My friend Josh and I didn't say much as we loaded our luggage into the rental car at Keflavik Airport. We'd just landed in Iceland, and already we were silenced by the landscape. "It looks even more amazing in person!," Josh said as we took it all in.
Since we met during at a gathering at an old friends' house, Josh and I had dreamed to traveled extensively through the world together, from the canals of Venice and Amsterdam to the mountains of Austria and Italy, but Iceland was our main place of excitement to visit.
The surrounding lava field resembled something you would only see you in your wildest dreams, with huge moss-covered rocks haphazardly compiled on the ground, and funnels of steam rising to meet low-lying gray clouds in the distance. It was a formidable and alien landscape with no trees, no grass and no shrubs. We'd heard that Iceland was nothing like the other landscapes God has provided for us, and now we could see why.
With the suspiciously simple verbal directions given by the rental car clerk, "Just follow the road to Reykjavik." The clerk wasn't kidding, there was literally one road out of the parking lot with a sign pointing to Reykjavik. Despite the barren landscape of volcanic rock that welcomed us, we were already warming to Iceland.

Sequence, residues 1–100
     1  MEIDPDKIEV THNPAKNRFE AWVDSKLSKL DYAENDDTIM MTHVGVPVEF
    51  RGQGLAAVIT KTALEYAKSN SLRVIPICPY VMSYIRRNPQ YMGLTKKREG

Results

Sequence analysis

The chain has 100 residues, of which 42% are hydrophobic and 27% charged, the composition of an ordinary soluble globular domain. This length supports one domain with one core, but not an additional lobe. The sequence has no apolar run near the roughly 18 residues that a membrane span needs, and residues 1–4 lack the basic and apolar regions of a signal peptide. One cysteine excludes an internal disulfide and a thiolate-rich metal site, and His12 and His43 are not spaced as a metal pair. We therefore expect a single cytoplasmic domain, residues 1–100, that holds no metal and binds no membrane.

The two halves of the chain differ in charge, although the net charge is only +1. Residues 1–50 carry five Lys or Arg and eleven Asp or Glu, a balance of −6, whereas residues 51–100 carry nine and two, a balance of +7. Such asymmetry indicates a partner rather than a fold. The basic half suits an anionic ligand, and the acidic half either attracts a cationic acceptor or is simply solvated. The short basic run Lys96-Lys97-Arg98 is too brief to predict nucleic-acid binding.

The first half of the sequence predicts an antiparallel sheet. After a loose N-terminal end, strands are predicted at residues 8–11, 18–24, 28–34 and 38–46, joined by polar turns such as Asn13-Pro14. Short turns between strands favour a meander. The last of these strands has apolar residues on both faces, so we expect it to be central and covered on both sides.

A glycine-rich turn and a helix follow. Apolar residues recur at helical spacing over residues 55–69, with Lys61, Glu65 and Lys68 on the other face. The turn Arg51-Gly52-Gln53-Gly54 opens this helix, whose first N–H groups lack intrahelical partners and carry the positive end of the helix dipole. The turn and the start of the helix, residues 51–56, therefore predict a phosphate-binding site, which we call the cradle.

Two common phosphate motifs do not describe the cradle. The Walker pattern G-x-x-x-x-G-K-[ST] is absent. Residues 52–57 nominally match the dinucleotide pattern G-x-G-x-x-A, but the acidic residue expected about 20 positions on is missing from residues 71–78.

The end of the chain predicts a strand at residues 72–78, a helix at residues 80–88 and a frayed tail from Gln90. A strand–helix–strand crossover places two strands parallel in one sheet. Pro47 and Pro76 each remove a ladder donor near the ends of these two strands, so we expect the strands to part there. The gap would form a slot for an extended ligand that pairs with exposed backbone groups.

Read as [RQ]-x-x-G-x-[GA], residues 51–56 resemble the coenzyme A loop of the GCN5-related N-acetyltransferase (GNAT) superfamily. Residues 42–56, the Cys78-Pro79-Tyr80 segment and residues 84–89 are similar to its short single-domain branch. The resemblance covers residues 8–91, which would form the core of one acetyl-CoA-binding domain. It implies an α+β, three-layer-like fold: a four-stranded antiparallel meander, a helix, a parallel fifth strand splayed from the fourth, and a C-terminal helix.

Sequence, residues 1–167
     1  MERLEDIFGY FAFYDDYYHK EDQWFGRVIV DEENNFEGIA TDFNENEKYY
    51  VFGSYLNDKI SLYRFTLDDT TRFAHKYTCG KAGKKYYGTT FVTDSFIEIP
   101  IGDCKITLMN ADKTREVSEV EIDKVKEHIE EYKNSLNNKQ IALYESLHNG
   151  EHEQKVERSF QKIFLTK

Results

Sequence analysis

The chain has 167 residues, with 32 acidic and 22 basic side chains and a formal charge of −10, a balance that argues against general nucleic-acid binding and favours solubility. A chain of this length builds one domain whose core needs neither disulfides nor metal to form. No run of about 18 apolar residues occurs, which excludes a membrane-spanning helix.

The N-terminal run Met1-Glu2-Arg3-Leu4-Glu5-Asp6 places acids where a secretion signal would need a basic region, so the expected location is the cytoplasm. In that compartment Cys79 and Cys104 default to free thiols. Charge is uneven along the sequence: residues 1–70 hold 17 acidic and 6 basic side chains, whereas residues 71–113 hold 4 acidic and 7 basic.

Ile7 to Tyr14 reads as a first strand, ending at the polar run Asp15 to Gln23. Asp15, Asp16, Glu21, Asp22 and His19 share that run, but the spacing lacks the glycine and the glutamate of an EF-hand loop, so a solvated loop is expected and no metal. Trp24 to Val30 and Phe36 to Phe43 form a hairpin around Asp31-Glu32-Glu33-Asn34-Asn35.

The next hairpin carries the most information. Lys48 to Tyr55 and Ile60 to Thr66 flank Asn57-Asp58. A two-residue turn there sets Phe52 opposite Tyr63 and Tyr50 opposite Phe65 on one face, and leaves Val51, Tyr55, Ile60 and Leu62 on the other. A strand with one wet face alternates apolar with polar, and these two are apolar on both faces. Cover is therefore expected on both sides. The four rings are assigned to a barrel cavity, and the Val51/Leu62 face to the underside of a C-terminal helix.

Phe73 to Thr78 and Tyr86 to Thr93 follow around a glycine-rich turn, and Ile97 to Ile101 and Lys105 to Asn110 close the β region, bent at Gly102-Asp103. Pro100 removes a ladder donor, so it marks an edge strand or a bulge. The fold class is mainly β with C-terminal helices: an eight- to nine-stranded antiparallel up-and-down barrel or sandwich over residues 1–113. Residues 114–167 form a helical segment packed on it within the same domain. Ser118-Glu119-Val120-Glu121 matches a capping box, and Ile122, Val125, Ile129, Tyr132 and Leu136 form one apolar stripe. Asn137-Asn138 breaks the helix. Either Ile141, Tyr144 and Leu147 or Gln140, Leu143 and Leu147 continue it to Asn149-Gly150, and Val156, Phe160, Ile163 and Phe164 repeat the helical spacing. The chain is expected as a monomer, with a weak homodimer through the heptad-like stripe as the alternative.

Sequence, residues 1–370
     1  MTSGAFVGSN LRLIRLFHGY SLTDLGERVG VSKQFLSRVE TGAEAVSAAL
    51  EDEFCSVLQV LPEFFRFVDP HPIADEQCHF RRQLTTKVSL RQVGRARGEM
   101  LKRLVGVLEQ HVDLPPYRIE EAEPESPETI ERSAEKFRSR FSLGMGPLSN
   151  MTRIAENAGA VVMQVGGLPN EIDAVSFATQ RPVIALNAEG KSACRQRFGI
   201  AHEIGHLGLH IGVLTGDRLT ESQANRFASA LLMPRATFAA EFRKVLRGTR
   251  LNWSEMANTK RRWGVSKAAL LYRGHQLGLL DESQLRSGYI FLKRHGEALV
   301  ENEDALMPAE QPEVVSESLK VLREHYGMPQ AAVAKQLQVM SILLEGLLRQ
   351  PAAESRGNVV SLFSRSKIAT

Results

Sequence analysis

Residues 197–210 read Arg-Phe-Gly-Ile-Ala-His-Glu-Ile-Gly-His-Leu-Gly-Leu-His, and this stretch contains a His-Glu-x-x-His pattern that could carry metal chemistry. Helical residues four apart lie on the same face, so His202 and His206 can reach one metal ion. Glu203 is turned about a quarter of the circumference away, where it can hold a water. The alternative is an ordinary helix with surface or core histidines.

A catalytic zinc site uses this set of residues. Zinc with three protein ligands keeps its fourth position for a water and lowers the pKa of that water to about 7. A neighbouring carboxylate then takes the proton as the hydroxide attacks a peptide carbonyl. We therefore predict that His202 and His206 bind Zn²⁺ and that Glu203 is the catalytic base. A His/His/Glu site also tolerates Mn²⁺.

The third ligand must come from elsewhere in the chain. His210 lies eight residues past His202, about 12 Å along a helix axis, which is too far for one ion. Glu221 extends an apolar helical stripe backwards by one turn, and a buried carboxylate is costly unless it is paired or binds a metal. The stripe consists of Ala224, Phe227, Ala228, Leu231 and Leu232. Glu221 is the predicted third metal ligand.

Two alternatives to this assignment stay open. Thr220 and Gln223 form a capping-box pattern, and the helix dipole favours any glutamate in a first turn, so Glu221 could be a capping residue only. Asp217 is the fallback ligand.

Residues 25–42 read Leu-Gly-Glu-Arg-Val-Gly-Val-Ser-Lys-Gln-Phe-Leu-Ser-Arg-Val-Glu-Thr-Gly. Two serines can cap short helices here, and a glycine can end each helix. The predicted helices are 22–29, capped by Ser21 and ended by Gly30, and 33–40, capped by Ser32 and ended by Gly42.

Iceland has the reputation of being a remote country, but it's actually North America's closest European neighbor, located relatively halfway between the U.K. and the U.S. There are many misconceptions about Iceland, and surely the name of the country doesn't help any. Far from freezing or being covered in ice, Iceland has a relatively medium climate, averaging 60 degrees in the summer and 32 in the winter. We were visiting in April, and the temperature during our stay was around 40 degrees, requiring a winter wear, but far from scarf and gloves-weather.
Jumping on the tourist bandwagon, our first trip was to Iceland's largest tourist attraction, the Blue...